MONTREAL – Guinness World Records, the internationally renowned record-listing franchise, said it is not investigating a claim that a Montreal-area woman is the oldest living person.
The family of Cecilia Laurent said she turned 120-years-old on Jan. 31, and had said Guinness was looking into that claim.
Laurent moved to Quebec from Haiti in 2010 after an earthquake devastated the Caribbean country.
She lives with her family in Laval, just north of Montreal.
The Canadian Press reported in a Feb. 1 story that Ronald Chery, Laurent’s great-grandson, said officials from the records company were on a fact-finding mission in Haiti to confirm her birth date, which he said was in 1896.
Guinness spokeswoman Sofia Rocher, however, said Thursday that “no one from Guinness World Records has travelled to Haiti to review this record.”
READ MORE: Quebec woman possibly world’s oldest person
When contacted about Guinness’s response, Chery sent via email a screenshot of his application on Guinness’s website dated April 2013.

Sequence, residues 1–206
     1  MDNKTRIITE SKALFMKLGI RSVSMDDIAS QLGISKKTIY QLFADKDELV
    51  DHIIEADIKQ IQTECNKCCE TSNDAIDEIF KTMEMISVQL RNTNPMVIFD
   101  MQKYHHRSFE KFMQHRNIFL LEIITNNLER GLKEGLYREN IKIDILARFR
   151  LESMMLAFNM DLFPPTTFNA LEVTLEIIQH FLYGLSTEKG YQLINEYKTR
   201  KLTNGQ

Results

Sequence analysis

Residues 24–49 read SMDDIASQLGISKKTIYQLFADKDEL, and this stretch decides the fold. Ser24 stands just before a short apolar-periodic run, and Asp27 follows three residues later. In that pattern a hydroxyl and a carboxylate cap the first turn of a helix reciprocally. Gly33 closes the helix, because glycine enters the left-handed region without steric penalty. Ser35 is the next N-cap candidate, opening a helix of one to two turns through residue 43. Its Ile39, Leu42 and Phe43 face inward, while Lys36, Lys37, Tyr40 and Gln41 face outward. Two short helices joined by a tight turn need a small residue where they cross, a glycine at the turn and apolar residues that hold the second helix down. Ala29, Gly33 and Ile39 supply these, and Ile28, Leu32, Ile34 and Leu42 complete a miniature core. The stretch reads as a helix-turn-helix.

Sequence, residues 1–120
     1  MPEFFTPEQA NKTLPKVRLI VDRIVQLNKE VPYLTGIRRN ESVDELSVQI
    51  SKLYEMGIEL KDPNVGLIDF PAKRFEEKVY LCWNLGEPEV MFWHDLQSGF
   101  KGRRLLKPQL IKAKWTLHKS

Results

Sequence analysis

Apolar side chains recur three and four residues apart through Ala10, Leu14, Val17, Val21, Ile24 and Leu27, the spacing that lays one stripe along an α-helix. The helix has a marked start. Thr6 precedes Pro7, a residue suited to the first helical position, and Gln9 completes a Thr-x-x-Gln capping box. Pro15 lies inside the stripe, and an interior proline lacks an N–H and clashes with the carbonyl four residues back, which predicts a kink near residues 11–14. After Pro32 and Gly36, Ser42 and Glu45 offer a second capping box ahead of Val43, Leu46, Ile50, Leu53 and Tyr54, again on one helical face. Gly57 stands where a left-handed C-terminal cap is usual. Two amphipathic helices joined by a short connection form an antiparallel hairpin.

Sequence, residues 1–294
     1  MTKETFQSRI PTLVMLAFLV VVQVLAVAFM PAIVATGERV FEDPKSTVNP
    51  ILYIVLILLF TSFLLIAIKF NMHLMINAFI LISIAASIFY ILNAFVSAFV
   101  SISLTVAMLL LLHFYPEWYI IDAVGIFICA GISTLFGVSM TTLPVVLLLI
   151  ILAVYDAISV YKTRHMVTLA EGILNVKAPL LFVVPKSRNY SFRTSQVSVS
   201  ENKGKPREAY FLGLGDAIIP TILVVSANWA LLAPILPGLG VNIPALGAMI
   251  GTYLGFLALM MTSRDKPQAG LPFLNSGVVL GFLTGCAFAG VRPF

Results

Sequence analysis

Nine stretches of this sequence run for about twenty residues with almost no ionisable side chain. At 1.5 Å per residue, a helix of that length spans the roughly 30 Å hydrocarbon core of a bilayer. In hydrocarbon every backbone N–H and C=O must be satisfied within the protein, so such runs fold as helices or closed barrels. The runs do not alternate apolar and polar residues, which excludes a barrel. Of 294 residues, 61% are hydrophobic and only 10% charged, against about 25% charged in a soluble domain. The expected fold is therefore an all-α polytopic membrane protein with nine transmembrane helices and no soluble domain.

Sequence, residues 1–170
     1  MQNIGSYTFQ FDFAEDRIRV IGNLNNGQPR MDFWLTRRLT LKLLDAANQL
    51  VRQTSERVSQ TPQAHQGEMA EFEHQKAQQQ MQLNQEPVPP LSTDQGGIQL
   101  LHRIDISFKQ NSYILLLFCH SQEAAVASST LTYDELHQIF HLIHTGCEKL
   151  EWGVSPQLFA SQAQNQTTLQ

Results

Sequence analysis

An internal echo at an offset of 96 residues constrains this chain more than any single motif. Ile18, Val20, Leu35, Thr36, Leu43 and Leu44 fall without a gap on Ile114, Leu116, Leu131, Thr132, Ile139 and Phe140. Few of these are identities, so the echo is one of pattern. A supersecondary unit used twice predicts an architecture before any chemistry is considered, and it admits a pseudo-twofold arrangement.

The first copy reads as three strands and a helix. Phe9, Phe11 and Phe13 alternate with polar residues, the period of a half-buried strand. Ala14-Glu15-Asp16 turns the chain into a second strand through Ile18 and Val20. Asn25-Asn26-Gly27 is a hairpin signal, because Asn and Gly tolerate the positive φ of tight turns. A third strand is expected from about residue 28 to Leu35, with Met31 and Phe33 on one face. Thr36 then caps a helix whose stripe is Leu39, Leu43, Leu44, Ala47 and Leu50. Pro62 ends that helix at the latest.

But Rocher responded that there was no accompanying evidence to support his claim.
“There is no evidence for the claim in the system,” Rocher said via email.
“Therefore the record is not being reviewed.”
Chery did not respond to subsequent emails from The Canadian Press asking, among other things, whether he could provide documentation showing Laurent was 120-years-old.
Attempts to reach him by phone on Friday were unsuccessful.
On Sunday, Jan. 31, members of the Haitian community in Montreal celebrated Laurent’s 120th birthday at the city’s Haitian consulate.
Kurdy Lareche, Haiti’s Montreal-based consul general, helped throw the birthday party and said that representatives of the city and police department attended.
“Not everyone lives until 120,” he said in an interview a day after the birthday.
“And on top of that she is Haitian.”
© 2016 The Canadian Press